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Opening Day Free Association

With a little time to kill this afternoon, I figured why not just fire up a Word doc and start writing. I began with the idea of picking conference favorites based solely on draft talent alone, and, as you’ll read, the idea kind of evolved a little along the way. Ain’t nothing wrong with a little steam of consciousness to kickoff the weekend, right? I wanted to do every single conference, but common sense and laziness eventually got the better of me. Here’s what I came up with…

ACC: Hard to top North Carolina, especially their loaded pitching staff, but the battle for number two is interesting. North Carolina State’s dynamic 2014 class (Rodon, Turner, Jernigan, Austin, Fincher) gives them the nod, but Virginia Tech’s bats (Pinder, Horan, Zagunis) and Virginia’s 2014 core (Fisher, Papi, Howard) are nothing to ignore. Also, mark my words: Miami is primed for a major run sooner rather than later. Fieger, Broad, Mack, Carey, Palmer, and Hernandez should form the nucleus of a strong 2013 lineup. The future, however, is what is most exciting. A staff with Suarez, Diaz, and Grandinette looks good on paper, and the bats of Thompson, Neitzel, Tresgallo, and, my favorite, Heyman should bring the Hurricanes back to national prominence.

Big East: This one’s easy. Louisville [gap] Notre Dame [big gap] South Florida? Connecticut? There’s a serious distinction between the potentially great in 2013 Cardinals and Irish and everybody else in the conference. Not that anybody’s doing it, but don’t sleep on Notre Dame. Louisville’s staff is ridiculous, but Notre Dame has two big bats (Jagielo and Mancini) better than any hitter the Cardinals have, plus a 2014 pitcher (Connaughton) who ranks up there with any of their best pitching prospects (Burdi, Thompson, Ruxer, Green, Kime).

SEC: Seriously, go get yourself a die and roll it to see which of these six teams will come out ahead in the standings this year. LSU, Mississippi, Arkansas, Vanderbilt, Florida, Texas A&M are all stacked. Each team has a big-time pro arm (most have multiple) and names like Eades, Wahl, Stanek, Ziomek, and Crawford will all be mowing down big league batters before too long. Friday nights in the SEC will be a lot of fun…shoot, then again so will Saturdays and Sundays. I’m flustered just thinking about the talent level in this league. Really can’t wait to do their 2013 Draft conference breakdown.

Big 12: Oklahoma’s pitching is really strong (Gray, Waltrip, Overton, Hayes), but the bats appear to be light. Light enough that I think the Big 12 race ultimately comes down to TCU and Texas. TCU’s pitching is up there with the best in the conference (Mitchell, Teakell, Crichton, Ferrell) and the lineup, while not exactly loaded with pro talent, is experienced, battle-tested, and [insert third veteran cliche here]. Witte, Odell, Hendrix, Johnson, Suiter, and Cron make up a really nice group to build on. Texas counters with a lineup featuring Weiss, Felts, McElroy, Hinojosa, and a crowded outfield of Payton, Moynihan, Walla, and Hall. Their staff of Knebel, Urban, Thornhill, Peters, and French stacks up pretty well with TCU’s. Call it a pick-em, with a slight edge to TCU.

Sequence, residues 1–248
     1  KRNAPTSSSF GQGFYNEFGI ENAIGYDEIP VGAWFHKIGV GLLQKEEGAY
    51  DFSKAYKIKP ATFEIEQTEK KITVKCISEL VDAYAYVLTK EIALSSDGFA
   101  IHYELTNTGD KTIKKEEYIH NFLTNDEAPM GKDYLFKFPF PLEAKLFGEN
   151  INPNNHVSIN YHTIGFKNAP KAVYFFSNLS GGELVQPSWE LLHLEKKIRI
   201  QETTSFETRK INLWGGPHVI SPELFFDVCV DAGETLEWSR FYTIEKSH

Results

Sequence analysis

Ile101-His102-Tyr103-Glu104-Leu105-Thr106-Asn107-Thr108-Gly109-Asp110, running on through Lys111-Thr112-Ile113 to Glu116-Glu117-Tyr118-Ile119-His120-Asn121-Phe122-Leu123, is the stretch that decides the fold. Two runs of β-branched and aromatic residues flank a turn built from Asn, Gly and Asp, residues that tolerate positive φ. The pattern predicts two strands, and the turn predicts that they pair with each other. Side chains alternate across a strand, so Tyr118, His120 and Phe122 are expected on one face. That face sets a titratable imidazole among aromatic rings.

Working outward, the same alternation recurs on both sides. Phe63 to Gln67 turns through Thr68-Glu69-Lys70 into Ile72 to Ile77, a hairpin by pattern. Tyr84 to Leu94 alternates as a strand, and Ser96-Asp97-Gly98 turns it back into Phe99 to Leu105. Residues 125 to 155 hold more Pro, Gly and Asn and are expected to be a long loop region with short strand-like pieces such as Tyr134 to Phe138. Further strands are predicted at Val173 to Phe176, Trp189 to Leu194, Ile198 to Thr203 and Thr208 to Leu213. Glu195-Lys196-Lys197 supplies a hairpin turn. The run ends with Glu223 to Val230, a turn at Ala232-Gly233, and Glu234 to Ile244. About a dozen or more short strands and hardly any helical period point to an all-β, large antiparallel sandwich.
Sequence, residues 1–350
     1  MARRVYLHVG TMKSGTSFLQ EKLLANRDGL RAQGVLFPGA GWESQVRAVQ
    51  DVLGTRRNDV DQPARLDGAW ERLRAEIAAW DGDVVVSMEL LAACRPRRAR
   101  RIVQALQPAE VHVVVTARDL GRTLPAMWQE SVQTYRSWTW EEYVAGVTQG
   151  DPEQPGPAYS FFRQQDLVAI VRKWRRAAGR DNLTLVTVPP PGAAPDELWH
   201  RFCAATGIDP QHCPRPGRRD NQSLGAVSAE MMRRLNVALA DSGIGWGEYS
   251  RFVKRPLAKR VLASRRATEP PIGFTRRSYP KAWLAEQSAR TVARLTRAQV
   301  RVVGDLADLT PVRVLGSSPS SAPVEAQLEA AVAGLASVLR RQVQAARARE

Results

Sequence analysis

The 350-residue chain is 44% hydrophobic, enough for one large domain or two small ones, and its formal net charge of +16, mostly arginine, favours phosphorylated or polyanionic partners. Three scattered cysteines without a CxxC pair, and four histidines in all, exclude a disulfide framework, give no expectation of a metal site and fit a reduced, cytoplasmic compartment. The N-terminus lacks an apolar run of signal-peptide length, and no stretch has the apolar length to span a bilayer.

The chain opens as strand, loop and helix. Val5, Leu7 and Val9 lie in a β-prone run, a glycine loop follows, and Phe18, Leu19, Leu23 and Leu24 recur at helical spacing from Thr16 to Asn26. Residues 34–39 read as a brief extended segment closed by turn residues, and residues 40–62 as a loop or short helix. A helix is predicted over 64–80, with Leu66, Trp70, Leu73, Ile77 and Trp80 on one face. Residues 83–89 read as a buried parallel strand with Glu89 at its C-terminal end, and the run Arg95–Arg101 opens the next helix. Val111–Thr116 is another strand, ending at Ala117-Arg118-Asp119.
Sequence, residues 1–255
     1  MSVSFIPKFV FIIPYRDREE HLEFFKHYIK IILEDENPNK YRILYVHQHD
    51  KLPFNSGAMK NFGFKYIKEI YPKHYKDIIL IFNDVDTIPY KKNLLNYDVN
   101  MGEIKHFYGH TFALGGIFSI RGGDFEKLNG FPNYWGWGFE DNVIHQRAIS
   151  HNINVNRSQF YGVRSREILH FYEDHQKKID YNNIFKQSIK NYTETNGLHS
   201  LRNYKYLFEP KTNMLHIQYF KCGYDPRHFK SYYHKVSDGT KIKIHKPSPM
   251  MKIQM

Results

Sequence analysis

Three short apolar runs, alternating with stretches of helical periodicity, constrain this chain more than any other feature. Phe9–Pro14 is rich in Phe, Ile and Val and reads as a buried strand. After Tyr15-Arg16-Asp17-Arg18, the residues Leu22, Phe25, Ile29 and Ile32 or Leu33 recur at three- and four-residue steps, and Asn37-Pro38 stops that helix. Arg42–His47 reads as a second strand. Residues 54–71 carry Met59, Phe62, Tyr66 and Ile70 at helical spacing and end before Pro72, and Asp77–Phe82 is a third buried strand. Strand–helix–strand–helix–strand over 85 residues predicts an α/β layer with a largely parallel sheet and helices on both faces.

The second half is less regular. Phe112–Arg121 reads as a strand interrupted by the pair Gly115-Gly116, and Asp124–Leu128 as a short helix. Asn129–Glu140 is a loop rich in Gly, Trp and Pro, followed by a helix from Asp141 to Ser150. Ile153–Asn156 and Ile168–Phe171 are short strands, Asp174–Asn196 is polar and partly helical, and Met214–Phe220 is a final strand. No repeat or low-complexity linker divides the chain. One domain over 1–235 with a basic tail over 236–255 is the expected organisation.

Pac-12: The Civil War rages on as I think Oregon and Oregon State are 1-2 in some order in terms of pro talent in the conference. Well, maybe we should open up that competition to include both UCLA and Stanford as well. See, this is why I don’t normally like to dip my toe into the college game. I am really bad at the whole prognostication business. Stanford has talent that rivals some teams’ minor league system: Appel, Vanegas, Wilson, Ragira, Kauppila, Jose, Blandino, Slater, Taylor, Avis, and Starwalt all could/should/might be big leaguers. This brings up what has become one of my favorite annual questions: is there a college team that you’d trade straight up for your team’s minor league system? It seems the Angels have the consensus worst farm system in baseball this year. Would you rather have Stanford’s roster over the top 20-30 prospects in the Angels system? The presence of an elite prospect like Appel helps tip the scales, and a second big get in Wilson certainly doesn’t hurt. Typically I’d like two elite hitting prospects before making the swap, but I think it is pretty clear you are better off with the group of Cardinal talent than otherwise. UCLA’s recent tradition of pitching excellence should continue with names like Plutko, Weiss, Vander Tuig, Virant, Kaprielian, and Poteet. There’s never a bad day to catch that staff throw. Both Washington and Washington State lurk as sleepers.

Big 10: Indiana over Michigan and Ohio State for me, thanks. Indiana’s bats (Cureton, DeMuth, Schwarber, Travis, Clark) help them win out. The conference is wide open, though: I could see Minnesota’s quality pitching getting them into the conference’s best conversation.


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